Tuesday, August 12, 2008

Review of really old stuff: Neil Gaiman's Sandman

Inspired by Reading Comics, I decided to read some comics that I know are well thought of. One comic that even I've heard of is Sandman written by Neil Gaiman and drawn by a series of artists. Wikipedia has a good basic summary of the character and setting, but basically it follows the activities of Dream of the Endless, a group of beings that govern aspects of the natural world (they are, in order of oldest to youngest, Destiny, Death, Dream, Destruction, Desire, Despair, and Delerium), aka Morpheus. The only other "mainstream" (meaning DC or Marvel) comic I have read is Watchmen (as I mentioned in the other review), and I think it would be useful to contrast the two:

  • Watchmen is about superheros, even if they are unusual and fucked up superheros; Sandman is not about superheros (though they exist in the background and make a few cameos), it takes place in a fantasy world of Gaiman's design and is more strongly influenced by mythology than comics themselves
  • Relatedly Watchmen is very meta, and is really about superhero stories specifically in the form of comics, Sandman is about more general metaphysical questions-- the one I really picked up on was how to deal with death and change. One of the things that comes up is can/if Morpheus has changed, and that really becomes central to the end of the series. Sandman does get meta, but about stories, not comics.
  • Watchmen is action packed, full of violence and exciting activities; Sandman has almost no conventional action -- Morpheus is a force of nature, and after the first few issues he faces very few dangers he can fight. This leads to a very different sort of story, and often Morpheus does not seem to really be a major player, but the theme of dreams always comes through
  • Finally there are a few format differences: Watchmen is very short, it essentially is a graphic novel, whereas Sandman is just to long to be a single body of work, but must be a series of some sort. There are also several artists who work with Neil Gaiman, and some of them I like more than others, whereas Watchmen has the same two people for the whole series, and the quality is always consistent.

What I really loved about Sandman is that it is so tied to mythology, it doesn't just use the characters' names and attributes, it uses the storytelling style of myth, and has many of the same characteristics. Neil Gaiman knows his mythology better than anyone else (that I know of) writing nowadays. The flaws are all in the use of comics as a medium, though they are mostly just not using it so perfectly well as Watchmen does (and I don't know if they could have kept that up for 75 issues), and my not liking the art style of a few of the comics. Definitely a good read, and one I would recommend for fans of fantasy, regardless of their thoughts on comics.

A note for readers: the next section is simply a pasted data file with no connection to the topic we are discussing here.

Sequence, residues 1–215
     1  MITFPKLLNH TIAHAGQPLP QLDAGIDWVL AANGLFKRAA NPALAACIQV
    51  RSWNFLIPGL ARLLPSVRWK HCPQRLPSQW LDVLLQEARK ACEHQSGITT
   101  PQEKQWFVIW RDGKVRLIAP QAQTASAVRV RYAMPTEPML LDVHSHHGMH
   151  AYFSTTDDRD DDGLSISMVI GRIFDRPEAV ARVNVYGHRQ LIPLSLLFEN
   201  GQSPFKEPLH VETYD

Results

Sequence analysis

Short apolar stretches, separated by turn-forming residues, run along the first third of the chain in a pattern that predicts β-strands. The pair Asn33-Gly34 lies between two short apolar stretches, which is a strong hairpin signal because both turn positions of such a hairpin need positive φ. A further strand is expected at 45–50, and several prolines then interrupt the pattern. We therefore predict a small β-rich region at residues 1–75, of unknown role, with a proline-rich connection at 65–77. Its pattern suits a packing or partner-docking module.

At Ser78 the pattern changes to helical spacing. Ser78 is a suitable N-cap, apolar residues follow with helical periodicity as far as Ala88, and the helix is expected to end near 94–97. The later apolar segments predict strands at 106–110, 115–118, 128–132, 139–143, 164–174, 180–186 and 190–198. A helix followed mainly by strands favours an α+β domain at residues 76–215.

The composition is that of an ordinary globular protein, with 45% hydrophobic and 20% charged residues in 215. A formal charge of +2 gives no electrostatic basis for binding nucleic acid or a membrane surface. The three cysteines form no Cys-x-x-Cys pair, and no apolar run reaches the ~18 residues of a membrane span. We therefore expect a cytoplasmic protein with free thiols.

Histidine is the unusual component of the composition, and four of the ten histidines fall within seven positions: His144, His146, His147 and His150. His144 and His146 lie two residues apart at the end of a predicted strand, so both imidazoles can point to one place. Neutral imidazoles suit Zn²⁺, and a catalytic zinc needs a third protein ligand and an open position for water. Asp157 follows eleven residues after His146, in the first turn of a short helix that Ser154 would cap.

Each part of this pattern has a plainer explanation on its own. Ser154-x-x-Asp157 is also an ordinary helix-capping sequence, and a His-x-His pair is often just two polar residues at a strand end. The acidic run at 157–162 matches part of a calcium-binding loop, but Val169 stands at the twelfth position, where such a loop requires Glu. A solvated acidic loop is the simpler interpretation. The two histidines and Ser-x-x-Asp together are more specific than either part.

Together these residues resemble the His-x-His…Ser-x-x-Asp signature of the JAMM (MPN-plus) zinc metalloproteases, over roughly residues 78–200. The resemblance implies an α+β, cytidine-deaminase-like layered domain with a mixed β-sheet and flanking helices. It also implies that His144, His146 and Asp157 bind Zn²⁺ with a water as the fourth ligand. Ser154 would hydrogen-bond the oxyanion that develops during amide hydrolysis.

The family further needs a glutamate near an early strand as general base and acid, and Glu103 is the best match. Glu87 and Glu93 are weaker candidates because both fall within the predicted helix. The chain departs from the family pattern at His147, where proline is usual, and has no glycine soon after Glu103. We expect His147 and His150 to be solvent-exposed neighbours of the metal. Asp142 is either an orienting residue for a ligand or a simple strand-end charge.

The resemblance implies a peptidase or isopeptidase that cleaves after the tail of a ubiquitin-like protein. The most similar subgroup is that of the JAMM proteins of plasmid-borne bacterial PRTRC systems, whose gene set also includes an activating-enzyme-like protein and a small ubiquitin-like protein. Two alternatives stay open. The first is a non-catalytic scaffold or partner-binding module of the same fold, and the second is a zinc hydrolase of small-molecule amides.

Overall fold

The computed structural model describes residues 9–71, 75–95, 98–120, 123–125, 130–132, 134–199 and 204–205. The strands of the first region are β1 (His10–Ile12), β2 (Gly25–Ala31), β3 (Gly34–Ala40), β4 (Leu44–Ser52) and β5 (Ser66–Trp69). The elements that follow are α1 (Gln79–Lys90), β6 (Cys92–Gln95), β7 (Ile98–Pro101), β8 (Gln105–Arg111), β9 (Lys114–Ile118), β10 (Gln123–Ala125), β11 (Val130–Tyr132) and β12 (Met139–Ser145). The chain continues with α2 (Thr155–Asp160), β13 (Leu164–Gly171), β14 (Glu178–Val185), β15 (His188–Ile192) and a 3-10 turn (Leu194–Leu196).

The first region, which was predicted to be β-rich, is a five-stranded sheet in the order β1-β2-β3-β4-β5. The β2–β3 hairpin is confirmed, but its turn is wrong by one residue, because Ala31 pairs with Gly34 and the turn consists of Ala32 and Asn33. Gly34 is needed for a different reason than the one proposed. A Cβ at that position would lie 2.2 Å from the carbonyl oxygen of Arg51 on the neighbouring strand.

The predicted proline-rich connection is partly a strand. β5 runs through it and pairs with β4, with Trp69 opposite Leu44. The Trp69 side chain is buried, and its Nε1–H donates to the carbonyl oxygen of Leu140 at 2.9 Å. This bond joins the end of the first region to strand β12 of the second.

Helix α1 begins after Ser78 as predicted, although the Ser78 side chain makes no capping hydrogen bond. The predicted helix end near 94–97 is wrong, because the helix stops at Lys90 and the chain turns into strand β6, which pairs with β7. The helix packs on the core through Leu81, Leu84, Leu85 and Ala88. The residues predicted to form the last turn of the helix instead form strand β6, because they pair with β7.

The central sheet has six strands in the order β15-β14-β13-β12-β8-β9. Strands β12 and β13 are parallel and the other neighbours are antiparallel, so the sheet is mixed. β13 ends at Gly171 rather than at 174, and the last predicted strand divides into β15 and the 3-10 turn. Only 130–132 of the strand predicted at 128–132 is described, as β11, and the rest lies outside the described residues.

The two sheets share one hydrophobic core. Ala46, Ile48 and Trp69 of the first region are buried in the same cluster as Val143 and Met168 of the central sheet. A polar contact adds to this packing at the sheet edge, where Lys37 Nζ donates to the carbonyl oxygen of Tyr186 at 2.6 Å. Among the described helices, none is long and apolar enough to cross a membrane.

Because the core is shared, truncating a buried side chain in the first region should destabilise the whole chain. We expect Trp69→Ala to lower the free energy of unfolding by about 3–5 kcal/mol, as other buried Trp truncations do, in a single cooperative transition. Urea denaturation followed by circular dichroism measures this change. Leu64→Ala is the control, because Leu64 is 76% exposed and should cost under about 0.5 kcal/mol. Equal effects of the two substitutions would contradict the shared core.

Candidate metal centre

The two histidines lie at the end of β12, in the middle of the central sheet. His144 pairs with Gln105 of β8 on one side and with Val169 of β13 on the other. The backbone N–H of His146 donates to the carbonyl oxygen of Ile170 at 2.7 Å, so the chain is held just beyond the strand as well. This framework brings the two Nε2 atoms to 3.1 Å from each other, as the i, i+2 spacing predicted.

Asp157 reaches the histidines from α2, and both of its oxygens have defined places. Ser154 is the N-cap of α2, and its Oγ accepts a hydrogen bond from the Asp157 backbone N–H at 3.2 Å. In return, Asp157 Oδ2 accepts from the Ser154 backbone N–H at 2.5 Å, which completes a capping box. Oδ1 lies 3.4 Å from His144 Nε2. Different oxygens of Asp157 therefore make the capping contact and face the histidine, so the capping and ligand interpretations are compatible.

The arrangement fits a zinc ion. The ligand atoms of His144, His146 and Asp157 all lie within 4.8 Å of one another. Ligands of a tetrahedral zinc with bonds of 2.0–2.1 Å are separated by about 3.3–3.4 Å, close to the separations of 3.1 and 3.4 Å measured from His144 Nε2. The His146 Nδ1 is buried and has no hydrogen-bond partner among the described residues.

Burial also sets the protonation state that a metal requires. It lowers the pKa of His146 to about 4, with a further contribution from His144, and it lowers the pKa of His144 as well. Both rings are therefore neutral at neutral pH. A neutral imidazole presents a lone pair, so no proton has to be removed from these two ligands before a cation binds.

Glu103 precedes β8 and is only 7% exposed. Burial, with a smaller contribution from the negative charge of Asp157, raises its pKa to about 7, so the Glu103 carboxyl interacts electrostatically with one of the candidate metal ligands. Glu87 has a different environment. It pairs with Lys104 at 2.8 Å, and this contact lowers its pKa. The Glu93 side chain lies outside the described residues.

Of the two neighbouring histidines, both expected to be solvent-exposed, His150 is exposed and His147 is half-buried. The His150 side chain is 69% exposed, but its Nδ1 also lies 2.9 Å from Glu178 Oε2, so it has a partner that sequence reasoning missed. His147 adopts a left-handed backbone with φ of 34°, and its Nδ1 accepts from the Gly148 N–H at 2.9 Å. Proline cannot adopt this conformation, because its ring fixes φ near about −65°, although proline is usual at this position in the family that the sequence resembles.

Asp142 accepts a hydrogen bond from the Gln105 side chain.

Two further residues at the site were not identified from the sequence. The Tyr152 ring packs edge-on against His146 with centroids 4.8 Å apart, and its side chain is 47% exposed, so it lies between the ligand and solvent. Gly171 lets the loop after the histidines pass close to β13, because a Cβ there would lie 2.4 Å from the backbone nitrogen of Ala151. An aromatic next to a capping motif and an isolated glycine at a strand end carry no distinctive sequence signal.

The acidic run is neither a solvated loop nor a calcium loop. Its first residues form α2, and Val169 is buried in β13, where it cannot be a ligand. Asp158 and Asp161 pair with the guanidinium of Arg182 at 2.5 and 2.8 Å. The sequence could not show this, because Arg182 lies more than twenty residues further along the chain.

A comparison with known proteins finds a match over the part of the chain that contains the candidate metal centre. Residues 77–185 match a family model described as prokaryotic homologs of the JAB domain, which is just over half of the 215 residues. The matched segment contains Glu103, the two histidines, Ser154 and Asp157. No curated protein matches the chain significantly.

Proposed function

Friday, August 8, 2008

History of my fantasy world

One of the important things to think about in any fantasy world is it's history. This affects the conflicts that drive the story, as well as inspiring the cosmology of the world. The most important element to explain in this world is the source of the large church that is tied with the old magic, and how the new magic came about. The belief of the Anogrian church is that it was founded by refugees of a currently depopulated continent, where some sort of magical catastrophe took place. The society in that place was very magically advanced, and so the refugees were able to become conquerers and enforce the worship of their last king (who was tied up in the catastrophe somehow). It gained direct political control over the West for some time, but lost it due to multiple uprisings. While it held political control of the West, the church built universities to try and spread the teachings of the church, as well as the official form of magic practiced by the church. These universities started as religious in nature, but slowly became secularized (just as the universities of Europe did). These universities were the incubators of the new form of magic, and thus began the conflict that characterizes this world. The ideas (and smart people) coming out of the universities often ended up working for a small kingdom, which has built it's wealth and power on ideas from the new way of things, and liberal use of the new magic. It also has profited from the slave trade.

That is, I think, enough for now. I have a headache tonight.